In the USA during the 1920s, the pioneering aerospace designer Sylvanus Albert Reed was working with the Curtiss Aeroplane and Motor Company Inc. and developed a series of propellers designed for durability and efficiency. This increased overall performance and enabled the use of engines of greater power, especially on the Schneider Trophy Racing aircraft like the Curtiss R3C .
Manufactured from Duralumin, a high-tech alloy of the day, the sleek design and blade profile proved to be very successful, so much so that they were used on numerous aircraft from the late 1920s right through to the 1960s.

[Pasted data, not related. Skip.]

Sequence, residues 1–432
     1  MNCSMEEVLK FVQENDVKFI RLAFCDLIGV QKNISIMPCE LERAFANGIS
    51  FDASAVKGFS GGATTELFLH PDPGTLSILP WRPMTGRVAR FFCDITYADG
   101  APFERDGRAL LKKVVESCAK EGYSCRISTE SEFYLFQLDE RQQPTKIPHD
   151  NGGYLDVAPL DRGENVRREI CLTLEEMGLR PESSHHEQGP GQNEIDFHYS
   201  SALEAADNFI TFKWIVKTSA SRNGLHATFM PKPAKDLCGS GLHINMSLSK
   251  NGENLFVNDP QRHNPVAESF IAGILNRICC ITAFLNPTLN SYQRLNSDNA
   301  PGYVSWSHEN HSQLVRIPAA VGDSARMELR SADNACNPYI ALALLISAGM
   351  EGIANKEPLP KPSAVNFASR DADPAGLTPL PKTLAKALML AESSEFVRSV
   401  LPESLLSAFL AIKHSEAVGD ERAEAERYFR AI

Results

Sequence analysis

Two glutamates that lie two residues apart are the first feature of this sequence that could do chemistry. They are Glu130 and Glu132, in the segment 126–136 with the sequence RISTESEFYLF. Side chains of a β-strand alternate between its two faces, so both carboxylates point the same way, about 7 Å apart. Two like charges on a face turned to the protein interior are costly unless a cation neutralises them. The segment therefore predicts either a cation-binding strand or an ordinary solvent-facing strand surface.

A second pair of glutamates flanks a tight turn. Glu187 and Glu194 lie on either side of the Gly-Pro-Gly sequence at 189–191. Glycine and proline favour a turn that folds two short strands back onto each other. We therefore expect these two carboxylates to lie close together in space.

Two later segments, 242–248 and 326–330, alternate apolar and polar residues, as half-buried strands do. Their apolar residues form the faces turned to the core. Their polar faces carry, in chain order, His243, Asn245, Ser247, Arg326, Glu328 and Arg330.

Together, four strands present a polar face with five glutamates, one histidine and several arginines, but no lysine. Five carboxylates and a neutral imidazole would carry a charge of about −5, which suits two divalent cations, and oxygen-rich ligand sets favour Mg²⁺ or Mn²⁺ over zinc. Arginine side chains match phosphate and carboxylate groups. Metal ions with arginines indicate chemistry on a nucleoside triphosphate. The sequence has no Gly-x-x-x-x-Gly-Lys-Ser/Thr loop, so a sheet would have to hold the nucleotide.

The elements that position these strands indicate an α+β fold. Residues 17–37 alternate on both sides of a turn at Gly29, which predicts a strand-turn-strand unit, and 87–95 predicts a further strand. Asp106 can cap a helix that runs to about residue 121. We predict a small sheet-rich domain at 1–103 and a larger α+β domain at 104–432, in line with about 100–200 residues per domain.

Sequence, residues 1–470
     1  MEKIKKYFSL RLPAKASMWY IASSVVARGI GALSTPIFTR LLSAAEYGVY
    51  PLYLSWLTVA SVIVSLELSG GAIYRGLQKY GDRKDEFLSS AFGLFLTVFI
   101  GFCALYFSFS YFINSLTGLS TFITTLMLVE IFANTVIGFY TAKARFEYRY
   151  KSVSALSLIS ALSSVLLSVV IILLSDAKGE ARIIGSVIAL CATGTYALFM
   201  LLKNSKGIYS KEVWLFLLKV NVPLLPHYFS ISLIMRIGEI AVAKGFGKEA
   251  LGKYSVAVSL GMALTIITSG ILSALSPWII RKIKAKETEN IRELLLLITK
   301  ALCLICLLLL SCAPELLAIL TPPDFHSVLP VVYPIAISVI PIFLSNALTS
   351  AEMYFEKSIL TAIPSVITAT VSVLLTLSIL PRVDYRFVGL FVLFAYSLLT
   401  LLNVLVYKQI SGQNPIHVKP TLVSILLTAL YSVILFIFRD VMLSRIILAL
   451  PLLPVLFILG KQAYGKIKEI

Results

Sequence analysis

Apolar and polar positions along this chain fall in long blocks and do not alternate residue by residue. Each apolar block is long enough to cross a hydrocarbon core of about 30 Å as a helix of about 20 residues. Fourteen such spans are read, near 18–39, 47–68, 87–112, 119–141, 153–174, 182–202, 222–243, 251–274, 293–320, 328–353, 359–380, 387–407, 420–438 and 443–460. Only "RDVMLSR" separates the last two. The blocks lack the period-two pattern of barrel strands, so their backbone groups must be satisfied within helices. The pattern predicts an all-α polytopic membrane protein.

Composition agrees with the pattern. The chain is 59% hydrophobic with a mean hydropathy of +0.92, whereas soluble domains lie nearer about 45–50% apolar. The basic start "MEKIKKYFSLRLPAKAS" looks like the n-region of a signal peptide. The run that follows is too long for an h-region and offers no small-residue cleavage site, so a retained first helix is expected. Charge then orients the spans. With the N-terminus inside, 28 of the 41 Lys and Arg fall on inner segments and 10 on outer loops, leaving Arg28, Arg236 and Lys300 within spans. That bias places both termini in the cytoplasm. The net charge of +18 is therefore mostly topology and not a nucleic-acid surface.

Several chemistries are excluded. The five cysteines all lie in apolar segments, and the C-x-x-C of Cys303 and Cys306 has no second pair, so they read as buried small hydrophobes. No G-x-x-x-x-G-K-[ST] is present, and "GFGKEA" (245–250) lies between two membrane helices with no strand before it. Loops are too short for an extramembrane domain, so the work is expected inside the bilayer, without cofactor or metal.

Initially Manufactured in the USA by Curtiss they were later produced under license by the propeller division of the Fairey aircraft company. Favoured by many pilots for their flying characteristics, these props only really became obsolete due to the invention of the Variable Pitch Propeller.
Subsequently Sylvanus Albert Reed was recognised and credited as a man who invented the aluminium aircraft propeller blade.